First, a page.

Advertisement
Advertisement

When asked how she sees her services in relation to counseling, Robles said: “It’s not therapy—therapy is when you’re doing a deep dive on your psyche of what happened in your childhood and how to heal those things. Coaching is really developing a plan of action to get you, first of all, away from the abuser and into a space of rebuilding your life.”

Even on TikTok, narc abuse coaches face criticism. “There’s a misconception by other creators who say narc abuse coaches are exploiting victims of abuse to make money,” says Robles. She added that no one is forcing people to turn to narc coaches for help.

Advertisement

Harries, the psychotherapist and trauma specialist (who is not part of NarcTok), treats both victims of narcissism and narcissists themselves. The first thing she does for victims of this type of abuse is psychoeducation, she explains. “I would have a conversation where we establish: This is what we’re dealing with. We’re dealing with a fragmented ego who is overcompensating for feeling less than.” Then, she listens to the person work through their story.

“Then my work with trauma starts coming in,” says Harries. “The person is probably having anxiety, panic attacks, depression, and there’ll be their defense mechanisms, which are the normal defense mechanisms of when you’re under threat.” She works to understand whether a person’s family of origin contributed to why they related with the abuse. She may use techniques like Eye Movement Desensitization and Reprocessing (EMDR) therapy to tackle beliefs victims may have, such as “The abuse was my fault” or “I’m insignificant.”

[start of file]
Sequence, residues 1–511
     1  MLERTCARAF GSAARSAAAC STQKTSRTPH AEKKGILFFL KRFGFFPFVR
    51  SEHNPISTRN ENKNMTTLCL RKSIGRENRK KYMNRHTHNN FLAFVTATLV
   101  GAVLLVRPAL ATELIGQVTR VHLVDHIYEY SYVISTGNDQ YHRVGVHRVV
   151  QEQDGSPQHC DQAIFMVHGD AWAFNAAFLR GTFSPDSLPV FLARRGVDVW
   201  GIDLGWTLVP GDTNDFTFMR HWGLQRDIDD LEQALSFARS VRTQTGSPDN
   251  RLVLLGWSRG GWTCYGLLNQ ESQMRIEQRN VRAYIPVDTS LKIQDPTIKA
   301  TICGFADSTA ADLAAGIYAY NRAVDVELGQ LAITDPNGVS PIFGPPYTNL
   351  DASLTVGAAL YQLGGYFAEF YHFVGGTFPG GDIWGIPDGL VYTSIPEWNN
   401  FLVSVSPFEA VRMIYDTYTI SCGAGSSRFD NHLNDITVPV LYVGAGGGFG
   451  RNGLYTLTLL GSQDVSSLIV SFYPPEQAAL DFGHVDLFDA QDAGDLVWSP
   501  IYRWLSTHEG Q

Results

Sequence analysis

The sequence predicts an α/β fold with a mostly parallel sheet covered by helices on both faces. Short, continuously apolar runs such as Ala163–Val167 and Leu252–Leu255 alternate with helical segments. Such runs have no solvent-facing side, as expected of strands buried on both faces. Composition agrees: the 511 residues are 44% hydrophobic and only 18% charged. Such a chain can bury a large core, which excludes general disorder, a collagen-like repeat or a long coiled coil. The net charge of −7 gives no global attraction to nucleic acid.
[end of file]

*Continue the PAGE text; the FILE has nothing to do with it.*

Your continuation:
Advertisement
Advertisement
Advertisement

Like narcissism itself, Pincus says the impacts of TikTok coaches are nuanced. In one sense, people who are actually struggling with narcissism or a narcissistic partner could feel misunderstood by the videos on NarcTok, or even be taken advantage of by coaches. But on the other hand, even if someone isn’t experiencing medically defined narcissistic abuse, they may still learn coping skills from some of the videos.

When I gaze into NarcTok now, I see a community of hurt people helping others the best they can. But I also see a cycle of confirmation bias: people learning about symptoms and then going out into the world and identifying “narcissists”—and then validating others who do the same—which ultimately obscures the truth: Sometimes people aren’t narcissists. They’re just jerks.

State of Mind is a partnership of Slate and Arizona State University that offers a practical look at our mental health system—and how to make it better.

Advertisement